The skinfold technique is the one that you may be most familiar with. This requires measurements to be taken with a skinfold caliper at several predetermined points on the body, the idea being to pinch the skin, pull the fat away from the muscle tissue and then measure the thickness of the pinch. This method should, ideally, be carried out by a professional to get the most accurate results.

Measuring body fat via bioelectrical impedance is becoming an increasingly common method of assessing body fat percentage. The method works by sending a small electrical signal through the body. This signal travels much quicker through lean tissue (this has a higher percentage of water) than it does through tissue containing fat. Fat has a lower percentage of water and it is a poorer conductor of electricity. Tissue containing fat offers resistance to the current so, the greater the resistance, the higher your body fat percentage will be.

Specially designed scales and body fat monitors that provide this function are widely available for home use.

Waist-hip ratio

The waist-hip ratio, sometimes referred to as the waist-to-hip ratio, is considered to be a good indicator of both the health of a person and the risk of them developing serious health conditions.

In terms of body fat, people generally come in two shapes: apples and pears. The apple term is given to those of us who tend to store fat around the middle, whereas pears are those who tend to store fat around the hips and thighs. Unfortunately for the apple shaped of us, this extra body fat around the middle, known as central obesity, has recently been linked with a greater risk of developing health problems. This means that people with more weight around the waist are at greater risk from conditions associated with obesity, such as heart disease, diabetes and high blood pressure, than those who carry excess weight on the hips and thighs.

The waist-hip ratio, as the name suggests, measures both the waist and the hips. The waist measurement should be taken at the narrowest point, just below the lower ribs and above the hips. The hip measurement should be taken at their widest point; this is just around the buttocks in most cases. Now, divide your waist measurement by your hip measurement; this is your waist-hip ratio.

A result greater than 1.0 for men and 0.85 for women indicates a significant risk of developing the health conditions mentioned above.

What to do next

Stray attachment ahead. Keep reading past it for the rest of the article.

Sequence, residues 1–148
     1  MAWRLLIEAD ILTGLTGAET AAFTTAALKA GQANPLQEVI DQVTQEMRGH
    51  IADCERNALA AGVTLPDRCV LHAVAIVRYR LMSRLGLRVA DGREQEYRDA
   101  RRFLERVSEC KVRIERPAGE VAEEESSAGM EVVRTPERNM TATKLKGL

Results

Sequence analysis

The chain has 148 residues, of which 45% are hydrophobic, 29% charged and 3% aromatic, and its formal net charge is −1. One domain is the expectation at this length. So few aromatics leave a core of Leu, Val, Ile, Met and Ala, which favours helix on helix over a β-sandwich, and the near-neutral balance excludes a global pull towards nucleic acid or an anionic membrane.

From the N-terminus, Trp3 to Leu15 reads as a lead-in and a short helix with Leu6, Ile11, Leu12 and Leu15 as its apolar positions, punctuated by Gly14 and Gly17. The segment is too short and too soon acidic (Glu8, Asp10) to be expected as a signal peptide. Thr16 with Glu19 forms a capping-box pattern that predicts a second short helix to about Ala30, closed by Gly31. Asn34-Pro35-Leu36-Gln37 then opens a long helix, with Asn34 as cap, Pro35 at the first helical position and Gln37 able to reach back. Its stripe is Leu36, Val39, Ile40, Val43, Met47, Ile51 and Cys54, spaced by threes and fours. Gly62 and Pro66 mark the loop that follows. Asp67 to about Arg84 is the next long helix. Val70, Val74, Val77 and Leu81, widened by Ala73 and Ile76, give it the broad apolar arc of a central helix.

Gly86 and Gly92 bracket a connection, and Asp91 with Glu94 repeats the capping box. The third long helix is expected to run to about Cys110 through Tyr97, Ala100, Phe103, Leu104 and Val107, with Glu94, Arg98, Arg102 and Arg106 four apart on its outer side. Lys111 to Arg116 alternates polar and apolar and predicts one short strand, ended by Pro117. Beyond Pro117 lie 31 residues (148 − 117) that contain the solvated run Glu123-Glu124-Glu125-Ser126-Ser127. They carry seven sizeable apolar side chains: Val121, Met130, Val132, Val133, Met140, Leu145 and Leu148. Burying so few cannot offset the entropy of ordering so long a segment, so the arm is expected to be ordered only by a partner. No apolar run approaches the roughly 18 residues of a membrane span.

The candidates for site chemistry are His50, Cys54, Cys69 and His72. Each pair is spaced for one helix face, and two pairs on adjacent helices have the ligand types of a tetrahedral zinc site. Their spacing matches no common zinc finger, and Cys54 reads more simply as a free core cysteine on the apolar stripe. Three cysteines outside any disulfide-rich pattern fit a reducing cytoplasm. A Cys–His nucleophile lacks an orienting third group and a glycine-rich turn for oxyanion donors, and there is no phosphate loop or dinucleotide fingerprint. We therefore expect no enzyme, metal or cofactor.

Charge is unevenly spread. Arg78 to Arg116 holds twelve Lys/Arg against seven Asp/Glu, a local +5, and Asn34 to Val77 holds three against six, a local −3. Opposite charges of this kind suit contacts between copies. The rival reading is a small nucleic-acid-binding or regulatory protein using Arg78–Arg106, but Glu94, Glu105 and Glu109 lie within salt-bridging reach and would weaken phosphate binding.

If you have calculated your BMI, measured your waist circumference, or worked out you waist-hip ratio and had a less than favourable outcome, you are probably wondering what to do next. Our Weight Loss FAQs page has quick answers to questions such as, what is a healthy weight?, why should I lose weight?, what is the best way to lose weight? and is there a miracle weight loss treatment?

If you are determined to lose weight or get in shape then it is important that you do so in way that is right for you. Drastic measures are never, ever a good idea. The best way to lose weight is to lose weight healthily and in a sustainable manner. There are no miracle treatments or cures out there. There are, however, products and supplements that may help you achieve your weight loss goals if used in conjunction with a healthy diet and exercise program. Our list of popular weight loss products is a good place to start. Top of the list is Alli; the first pharmacy-licensed and validated weight loss treatment to be sold over the counter in the UK. Also on the list are supplements such as green tea extract and flax seed oil, as well as helpful devices like a pedometer and goal weight scales.

We also have a weight loss supplements page. On this page you will find fat binders, appetite suppressants, metabolism boosters and multivitamin products.
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  • BMI


    Our Body Mass Index page expands on the BMI information above and gives you quick, convenient access to our BMI calculator page. Our BMI calculator works with both metric and imperial measurements (and even a mixture of the two) to give you fast, accurate results at the touch of a button.